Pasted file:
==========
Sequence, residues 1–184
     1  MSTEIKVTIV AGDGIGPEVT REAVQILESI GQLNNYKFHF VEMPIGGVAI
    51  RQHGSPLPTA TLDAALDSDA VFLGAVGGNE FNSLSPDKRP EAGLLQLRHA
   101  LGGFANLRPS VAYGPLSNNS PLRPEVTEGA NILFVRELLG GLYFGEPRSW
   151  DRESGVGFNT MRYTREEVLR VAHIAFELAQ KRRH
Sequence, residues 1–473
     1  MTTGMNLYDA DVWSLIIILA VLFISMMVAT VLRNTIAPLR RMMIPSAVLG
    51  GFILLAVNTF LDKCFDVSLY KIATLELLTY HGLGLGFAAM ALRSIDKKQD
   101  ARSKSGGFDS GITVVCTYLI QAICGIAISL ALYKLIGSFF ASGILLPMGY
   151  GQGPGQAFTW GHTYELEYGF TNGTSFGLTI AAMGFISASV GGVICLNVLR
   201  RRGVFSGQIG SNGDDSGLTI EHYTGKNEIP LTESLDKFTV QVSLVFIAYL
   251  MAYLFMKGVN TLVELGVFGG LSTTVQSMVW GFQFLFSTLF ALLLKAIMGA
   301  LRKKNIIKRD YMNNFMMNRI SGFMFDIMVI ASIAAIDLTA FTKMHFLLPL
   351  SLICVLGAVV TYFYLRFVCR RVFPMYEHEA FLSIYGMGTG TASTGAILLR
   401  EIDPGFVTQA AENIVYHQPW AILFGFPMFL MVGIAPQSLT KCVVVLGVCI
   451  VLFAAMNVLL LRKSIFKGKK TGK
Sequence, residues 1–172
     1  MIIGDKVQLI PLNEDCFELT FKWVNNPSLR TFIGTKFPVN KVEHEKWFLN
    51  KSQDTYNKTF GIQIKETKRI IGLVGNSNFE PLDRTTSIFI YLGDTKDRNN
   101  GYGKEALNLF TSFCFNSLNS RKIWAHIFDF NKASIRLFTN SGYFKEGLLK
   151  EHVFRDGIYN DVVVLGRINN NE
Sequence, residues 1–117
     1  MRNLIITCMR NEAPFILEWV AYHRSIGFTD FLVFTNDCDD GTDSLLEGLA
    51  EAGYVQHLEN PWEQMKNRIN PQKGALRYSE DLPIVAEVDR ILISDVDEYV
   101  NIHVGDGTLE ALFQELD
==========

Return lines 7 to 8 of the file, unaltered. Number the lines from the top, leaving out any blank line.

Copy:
     1  MTTGMNLYDA DVWSLIIILA VLFISMMVAT VLRNTIAPLR RMMIPSAVLG
    51  GFILLAVNTF LDKCFDVSLY KIATLELLTY HGLGLGFAAM ALRSIDKKQD